"A rare sight on the roads, but if you want a sporty SUV and are prepared to accept the high running costs then the FX is worth a look-in."
There is no slow FX in the line-up, with huge petrol and diesel engines being the order of the day. Both petrol models boast 0-62mph times under 7 seconds, with the quickest even dipping under the six second barrier. A stiff set-up means it corners well too but it's worth taking a test drive to see if the ride is soft enough to live with on a daily basis.
Buyers can choose between a 3.7-litre V6 or a 5.0-litre V8, but more recently a 3.0-litre diesel V6 engine was added to the line-up. Both petrol-powered units are incredibly quick, offering 0-62mph in 5.8 and 6.8 seconds respectively. The diesel unit is slower than both and much noisier, but offers the lowest running costs. Power is delivered through a seven-speed automatic gearbox that shifts up and down through the gears quickly and smoothly – you can even shift yourself using paddles mounted behind the steering wheel. Cornering is impressive for a car this size thanks to a clever four-wheel steering system and four-wheel drive set-up. Despite its high centre of gravity the FX tends not to lean into corners, but the steering is a tad numb and the ride a bit firm.
Infiniti have developed a brand image that focuses mainly on sporty luxurious cars, so be prepared for a stiff ride if you buy one. Some models also come equipped with huge 21-inch alloy wheels which dent ride comfort further. In contrast, the cabin is a very pleasant place to be. The seats are very comfortable, as well as being heated and cooled. Refinement is good in petrol models, but the diesel engine can be a bit rattly on the move.
Infiniti is the luxury brand of Nissan – much like Lexus is of Toyota – so all of its engines come from the Japanese manufacturer. For that reason, all of Infiniti's engines are sourced from Nissan and should prove to be incredibly reliable. The FX managed to achieve a full five-star rating in the Euro NCAP crash safety test. Interior quality is also pretty impressive, but some materials lack the upmarket feel that you'll get from some premium rivals.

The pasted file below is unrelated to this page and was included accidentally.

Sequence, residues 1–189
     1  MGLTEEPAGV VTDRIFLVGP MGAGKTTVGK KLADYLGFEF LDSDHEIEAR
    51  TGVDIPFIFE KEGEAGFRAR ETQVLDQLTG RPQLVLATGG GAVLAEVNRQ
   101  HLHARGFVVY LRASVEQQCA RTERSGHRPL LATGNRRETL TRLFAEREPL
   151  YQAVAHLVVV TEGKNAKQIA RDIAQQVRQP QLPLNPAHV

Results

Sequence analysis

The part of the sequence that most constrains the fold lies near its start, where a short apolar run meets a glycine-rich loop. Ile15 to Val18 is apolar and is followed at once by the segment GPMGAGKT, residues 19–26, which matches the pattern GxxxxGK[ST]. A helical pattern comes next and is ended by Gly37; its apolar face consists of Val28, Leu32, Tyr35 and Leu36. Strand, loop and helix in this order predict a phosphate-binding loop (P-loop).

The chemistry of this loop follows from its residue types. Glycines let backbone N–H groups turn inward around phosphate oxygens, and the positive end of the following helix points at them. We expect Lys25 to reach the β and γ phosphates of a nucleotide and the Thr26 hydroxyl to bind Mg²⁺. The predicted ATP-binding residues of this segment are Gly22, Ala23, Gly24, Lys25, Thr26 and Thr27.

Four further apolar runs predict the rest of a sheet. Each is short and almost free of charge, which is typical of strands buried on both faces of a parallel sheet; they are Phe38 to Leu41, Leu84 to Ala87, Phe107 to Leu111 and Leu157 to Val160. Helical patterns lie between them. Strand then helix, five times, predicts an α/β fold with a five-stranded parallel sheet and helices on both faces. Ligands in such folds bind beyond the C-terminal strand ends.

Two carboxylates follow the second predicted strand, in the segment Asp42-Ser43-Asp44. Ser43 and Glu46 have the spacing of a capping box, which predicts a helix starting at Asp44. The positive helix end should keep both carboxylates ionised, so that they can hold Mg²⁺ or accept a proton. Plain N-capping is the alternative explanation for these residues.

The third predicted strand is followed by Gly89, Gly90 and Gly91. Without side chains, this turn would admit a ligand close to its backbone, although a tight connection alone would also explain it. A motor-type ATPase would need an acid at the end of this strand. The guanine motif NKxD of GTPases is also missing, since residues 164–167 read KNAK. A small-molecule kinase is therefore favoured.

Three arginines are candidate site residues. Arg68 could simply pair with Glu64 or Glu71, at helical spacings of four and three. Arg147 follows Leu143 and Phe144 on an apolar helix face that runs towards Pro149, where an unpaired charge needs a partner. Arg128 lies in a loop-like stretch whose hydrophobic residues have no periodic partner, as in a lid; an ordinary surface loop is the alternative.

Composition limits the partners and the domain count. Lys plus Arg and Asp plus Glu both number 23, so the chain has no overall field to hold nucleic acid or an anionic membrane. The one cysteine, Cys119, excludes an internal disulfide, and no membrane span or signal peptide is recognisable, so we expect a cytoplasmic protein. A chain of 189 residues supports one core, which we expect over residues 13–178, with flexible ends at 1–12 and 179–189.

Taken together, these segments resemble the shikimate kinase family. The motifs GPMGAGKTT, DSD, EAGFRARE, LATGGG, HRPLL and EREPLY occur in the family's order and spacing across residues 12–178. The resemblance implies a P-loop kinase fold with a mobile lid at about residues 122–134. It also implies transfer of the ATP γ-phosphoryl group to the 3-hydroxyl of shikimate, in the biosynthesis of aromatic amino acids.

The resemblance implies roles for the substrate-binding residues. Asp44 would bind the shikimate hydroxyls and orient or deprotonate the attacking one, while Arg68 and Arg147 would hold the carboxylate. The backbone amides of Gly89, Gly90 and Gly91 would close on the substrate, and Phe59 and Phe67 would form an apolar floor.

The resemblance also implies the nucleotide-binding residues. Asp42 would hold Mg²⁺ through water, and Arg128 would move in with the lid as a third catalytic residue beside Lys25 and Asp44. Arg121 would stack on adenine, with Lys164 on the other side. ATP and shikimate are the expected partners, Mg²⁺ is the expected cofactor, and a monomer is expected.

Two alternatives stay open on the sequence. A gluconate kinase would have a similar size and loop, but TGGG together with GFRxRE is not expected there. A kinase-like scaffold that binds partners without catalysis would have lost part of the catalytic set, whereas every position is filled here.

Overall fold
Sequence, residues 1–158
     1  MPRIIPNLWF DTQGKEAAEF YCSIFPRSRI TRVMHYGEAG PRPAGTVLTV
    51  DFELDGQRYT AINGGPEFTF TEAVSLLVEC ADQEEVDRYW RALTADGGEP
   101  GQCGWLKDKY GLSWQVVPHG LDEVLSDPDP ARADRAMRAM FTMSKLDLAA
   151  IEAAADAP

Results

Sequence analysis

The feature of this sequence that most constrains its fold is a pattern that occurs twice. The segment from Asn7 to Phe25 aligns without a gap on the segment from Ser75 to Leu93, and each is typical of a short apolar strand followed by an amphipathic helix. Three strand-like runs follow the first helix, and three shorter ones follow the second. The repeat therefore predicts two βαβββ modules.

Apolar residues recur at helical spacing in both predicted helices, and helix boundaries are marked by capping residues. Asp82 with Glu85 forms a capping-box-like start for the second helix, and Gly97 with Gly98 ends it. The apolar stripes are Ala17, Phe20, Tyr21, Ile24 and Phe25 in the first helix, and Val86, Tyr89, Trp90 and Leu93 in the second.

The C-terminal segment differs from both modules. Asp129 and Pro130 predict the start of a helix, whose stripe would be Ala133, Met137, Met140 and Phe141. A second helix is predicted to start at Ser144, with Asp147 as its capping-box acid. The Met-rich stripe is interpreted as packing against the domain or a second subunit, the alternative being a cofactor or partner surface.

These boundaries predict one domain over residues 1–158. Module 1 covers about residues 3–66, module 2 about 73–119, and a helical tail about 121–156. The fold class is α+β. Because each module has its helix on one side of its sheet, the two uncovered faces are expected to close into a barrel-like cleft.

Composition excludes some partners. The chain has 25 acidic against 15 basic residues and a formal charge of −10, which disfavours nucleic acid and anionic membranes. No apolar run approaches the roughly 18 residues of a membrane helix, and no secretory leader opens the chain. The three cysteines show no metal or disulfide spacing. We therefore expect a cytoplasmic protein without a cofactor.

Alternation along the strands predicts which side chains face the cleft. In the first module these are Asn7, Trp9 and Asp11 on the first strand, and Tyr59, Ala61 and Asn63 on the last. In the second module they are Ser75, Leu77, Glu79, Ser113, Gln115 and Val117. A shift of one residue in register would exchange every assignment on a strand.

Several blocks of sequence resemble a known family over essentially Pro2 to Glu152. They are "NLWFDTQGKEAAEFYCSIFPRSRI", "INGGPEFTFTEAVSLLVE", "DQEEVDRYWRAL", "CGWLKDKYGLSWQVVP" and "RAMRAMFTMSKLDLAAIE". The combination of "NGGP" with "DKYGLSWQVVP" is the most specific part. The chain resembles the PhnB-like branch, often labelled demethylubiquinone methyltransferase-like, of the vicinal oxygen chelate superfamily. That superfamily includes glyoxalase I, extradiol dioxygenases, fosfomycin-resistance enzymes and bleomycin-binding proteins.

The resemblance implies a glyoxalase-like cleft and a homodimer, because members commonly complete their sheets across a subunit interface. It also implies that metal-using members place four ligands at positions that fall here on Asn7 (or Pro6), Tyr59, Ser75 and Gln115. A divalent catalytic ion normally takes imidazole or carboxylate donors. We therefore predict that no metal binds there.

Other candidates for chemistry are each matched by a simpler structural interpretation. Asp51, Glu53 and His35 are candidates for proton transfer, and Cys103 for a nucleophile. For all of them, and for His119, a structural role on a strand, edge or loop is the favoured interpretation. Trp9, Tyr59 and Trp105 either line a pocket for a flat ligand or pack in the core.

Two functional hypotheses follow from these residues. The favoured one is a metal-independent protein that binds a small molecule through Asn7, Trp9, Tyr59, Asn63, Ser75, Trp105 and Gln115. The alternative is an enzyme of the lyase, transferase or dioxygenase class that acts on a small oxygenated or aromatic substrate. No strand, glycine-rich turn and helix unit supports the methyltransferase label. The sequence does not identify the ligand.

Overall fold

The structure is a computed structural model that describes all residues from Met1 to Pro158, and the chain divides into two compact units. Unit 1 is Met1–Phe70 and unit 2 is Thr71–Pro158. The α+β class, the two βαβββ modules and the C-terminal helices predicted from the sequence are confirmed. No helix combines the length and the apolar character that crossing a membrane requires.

The FX's sporty styling has compromised practicality somewhat. The boot only has a capacity of 410 litres which is over 100 less than both the BMW X6 and Porsche Cayenne. The rear seats can be folded down flat to increase boot space to a more impressive 1,305 litres. Elsewhere, the cabin is spacious enough to comfortably seat four adults.
Value for money
All Infiniti models aim to include as much standard equipment as they can so even the base models come with an impressive array of gadgets. Expect to see a reversing camera, cruise control. air-con, heated and cooled leather seats and 20-inch alloys all included in the price. If you spend a bit more money for 'S' or 'S Premium' models you'll get clever kit like cruise control with auto-braking, sat-nav and lane departure prevention. And be warned - depreciation is very high.
Fuelling the FX should become quite a regular occurrence, despite its huge 90 litre fuel tank. The worst offender is the FX50 which manages just 21.6mpg, while the best is the diesel which claims 31.4mpg. Both petrol models will cost almost £1000 for their first year of road tax because of high CO2 emissions, with that figure falling to nearer £500 every year after. The diesel again is better... but not by much.